Baritone Kevin Miller portrayed a paternal, well-meaning Melisso. Perhaps too meek to convincingly play a drill sergeant, Miller’s earnestness did add to the show’s heart and fit well with the company’s overall encouraging demeanor and supportive mission.

Mezzo-soprano Chloë Schaaf played Ruggiero, the backbone of the opera, with deep commitment. Responsible for the bulk of the opera’s emotional heavy lifting, Schaaf broke down into forceful convulsions, scolded by his sergeant Melisso for having wronged his wife-to-be Morgana. Schaaf also managed a deft act of emotional subtlety in her act II aria in which Ruggiero convinces Alcina that he is in love, though under his breath mutters, not with Alcina herself. With Schaaf’s portrayal, one couldn’t help but wonder whether Ruggiero felt deeply attached to both Morgana and Alcina and was heart-broken wronging either of them.

As the title role, soprano Zen Wu bounded around the stage confidently, singing voluminously but at times unwieldly. She played an Alcina thirsty for vengeance and blinded by lust.

Ginny Weant, as the young boy Oberto, sang her final aria with momentum and dexterity.

Made up of the cover cast, the chorus sang with a well-honed, appropriately sized mezzo-forte sound. They functioned as Alcina’s semi-sedated minions, most useful as reflections of the sorceress’s state of mind during arias.

The band, led by Dmitry Glivinskiy at an electric keyboard, filled out by Katie von Braun on violin and Spencer Shen on cello, executed the concise orchestration with proficiency and understated style. Cuts to the score were judicious, though more were possible; Bradamante’s act III aria “All’alma fedel” could have mercifully been cut, as it slowed the opera’s pace in the home stretch.

 There were other weak spots in the production – a handful of out of place swear words in the supertitles garnering cheap laughs, varying levels of musical, linguistic, and vocal fluency, some clumsy staging particularly with the chorus, and hardly any set to speak of – regardless, it was a strong effort from a young cast and budding company of bright, hardworking opera devotees.

Review: Jeremy Hirsch
Photos: OperaRox Official Site

Tuesday, February 7, 2017

A COMEDY OF TENORS @ The Papermill Playhouse

In 2013 Paper Mill Playhouse produced Ken Ludwig’s Lend Me a Tenor with director Don Stephenson at the healm. Now, over 3 years later, Stephenson and the original cast are back for its sequel, A Comedy of Tenors. This grand reunion paired with a hilarious script filled with hijinks makes for an evening filled with hysterics.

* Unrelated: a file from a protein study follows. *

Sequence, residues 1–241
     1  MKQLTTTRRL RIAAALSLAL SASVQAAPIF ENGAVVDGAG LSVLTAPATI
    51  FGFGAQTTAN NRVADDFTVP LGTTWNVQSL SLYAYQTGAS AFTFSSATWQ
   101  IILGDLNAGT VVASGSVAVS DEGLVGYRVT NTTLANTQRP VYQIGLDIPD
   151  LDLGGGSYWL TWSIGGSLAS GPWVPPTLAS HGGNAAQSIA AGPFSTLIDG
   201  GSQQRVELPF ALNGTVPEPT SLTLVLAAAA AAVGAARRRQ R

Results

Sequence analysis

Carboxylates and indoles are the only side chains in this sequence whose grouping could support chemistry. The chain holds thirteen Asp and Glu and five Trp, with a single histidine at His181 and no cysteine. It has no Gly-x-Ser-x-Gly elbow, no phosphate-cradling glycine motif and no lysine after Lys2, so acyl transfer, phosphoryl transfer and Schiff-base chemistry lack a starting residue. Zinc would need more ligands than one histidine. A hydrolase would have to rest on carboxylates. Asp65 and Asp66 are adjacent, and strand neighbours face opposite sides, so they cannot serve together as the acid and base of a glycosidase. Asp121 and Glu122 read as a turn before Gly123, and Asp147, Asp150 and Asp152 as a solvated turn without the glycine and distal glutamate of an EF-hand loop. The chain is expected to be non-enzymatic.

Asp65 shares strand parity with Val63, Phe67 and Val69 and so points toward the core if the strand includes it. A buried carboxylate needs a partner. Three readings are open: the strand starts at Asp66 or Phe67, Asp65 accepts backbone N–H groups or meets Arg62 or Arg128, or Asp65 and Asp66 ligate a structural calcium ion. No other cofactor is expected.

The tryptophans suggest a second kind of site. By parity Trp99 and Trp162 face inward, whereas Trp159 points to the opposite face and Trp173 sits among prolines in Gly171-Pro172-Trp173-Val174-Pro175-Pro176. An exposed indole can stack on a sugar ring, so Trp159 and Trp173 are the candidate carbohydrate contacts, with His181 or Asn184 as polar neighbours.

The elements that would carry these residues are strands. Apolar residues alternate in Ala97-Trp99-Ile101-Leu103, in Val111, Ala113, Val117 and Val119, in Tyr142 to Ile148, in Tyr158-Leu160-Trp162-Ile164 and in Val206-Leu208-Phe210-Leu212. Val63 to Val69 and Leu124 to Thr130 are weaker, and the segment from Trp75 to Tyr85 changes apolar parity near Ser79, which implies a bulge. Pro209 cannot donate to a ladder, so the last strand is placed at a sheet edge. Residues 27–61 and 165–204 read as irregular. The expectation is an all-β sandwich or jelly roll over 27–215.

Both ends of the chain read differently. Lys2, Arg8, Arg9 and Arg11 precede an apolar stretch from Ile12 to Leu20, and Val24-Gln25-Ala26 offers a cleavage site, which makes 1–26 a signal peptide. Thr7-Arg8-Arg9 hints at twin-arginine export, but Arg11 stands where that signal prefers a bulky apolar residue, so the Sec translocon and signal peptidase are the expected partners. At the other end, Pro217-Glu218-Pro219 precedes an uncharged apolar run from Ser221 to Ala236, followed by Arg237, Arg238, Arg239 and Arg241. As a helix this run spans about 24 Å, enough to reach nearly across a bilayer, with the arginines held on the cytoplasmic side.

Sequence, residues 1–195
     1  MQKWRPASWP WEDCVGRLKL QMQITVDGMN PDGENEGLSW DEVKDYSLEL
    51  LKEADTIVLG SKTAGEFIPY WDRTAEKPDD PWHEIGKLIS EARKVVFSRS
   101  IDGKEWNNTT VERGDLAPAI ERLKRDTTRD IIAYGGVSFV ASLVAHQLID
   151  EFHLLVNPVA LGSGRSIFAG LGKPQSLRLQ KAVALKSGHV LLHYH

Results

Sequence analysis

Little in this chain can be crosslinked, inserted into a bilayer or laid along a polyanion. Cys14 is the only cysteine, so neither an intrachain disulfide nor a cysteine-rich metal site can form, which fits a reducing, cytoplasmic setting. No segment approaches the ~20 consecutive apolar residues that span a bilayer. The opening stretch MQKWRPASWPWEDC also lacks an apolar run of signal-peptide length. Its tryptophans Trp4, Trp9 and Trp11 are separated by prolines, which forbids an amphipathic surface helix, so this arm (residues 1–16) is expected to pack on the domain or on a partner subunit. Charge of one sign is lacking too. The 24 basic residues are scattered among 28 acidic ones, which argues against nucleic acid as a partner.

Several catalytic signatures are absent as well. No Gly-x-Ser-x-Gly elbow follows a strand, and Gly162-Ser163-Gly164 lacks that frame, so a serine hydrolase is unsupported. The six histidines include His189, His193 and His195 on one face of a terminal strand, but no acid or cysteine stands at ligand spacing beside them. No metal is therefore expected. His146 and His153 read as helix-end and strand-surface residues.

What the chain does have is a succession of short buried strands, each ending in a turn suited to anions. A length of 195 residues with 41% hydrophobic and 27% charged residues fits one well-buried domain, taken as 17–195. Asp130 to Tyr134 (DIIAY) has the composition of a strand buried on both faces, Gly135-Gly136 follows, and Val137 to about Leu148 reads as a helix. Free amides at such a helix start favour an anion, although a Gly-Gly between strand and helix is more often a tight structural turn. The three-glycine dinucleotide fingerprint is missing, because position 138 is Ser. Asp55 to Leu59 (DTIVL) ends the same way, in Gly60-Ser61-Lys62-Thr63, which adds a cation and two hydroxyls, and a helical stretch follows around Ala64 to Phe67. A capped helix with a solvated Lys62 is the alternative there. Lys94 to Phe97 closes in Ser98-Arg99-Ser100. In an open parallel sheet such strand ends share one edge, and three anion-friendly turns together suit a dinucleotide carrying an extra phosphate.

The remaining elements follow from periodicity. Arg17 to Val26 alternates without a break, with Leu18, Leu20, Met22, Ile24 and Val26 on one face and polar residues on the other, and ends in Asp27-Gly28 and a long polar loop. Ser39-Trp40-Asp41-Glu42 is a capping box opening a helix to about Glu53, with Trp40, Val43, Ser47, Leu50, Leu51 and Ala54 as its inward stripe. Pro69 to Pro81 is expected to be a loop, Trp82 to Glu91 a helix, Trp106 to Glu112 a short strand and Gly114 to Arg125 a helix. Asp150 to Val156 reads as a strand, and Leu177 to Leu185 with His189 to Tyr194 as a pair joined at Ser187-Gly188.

The title immediately gives you a clue as to what’s in store- borrowing its name from Shakespeare’s A Comedy of Errors, Ludwig’s sequel has all of the trademarks of an outrageous farce. From mistaken identities, to slamming doors, lots of sex, a little bit of opera, and of course a wedding to tie everything up, this 2-hour long show is a fast paced wild ride. Set 2 years after the events of the original, we find producer Saunders (Michael Kostroff) in a hotel room in Paris attempting to keep his opera performance together. Returning are Max (David Josefsberg) his son-in-law and aspiring opera performer, and world famous Tenor Tito (John Treacy Egan) along with his hot-headed wife Maria (Judy Blazer). Along for the ride is Tito and Maria’s daughter, aspiring actress Mimi (Jill Paice) with her boyfriend, the new opera star Carlo (Ryan Silverman), and Racón (Donna Englisch), a former fling of Tito’s. With Tito already feeling jealousy that his stardom is being outshone by bright Tenor Carlo, things escalate when he mistakenly believes his wife is having an affair with the young singer, not knowing he is actually the secret boyfriend of his beloved daughter. Shenanigans ensue, while Saunders tries to keep everyone from strangling each other and get them ready to sing for a soccer stadium full of fans.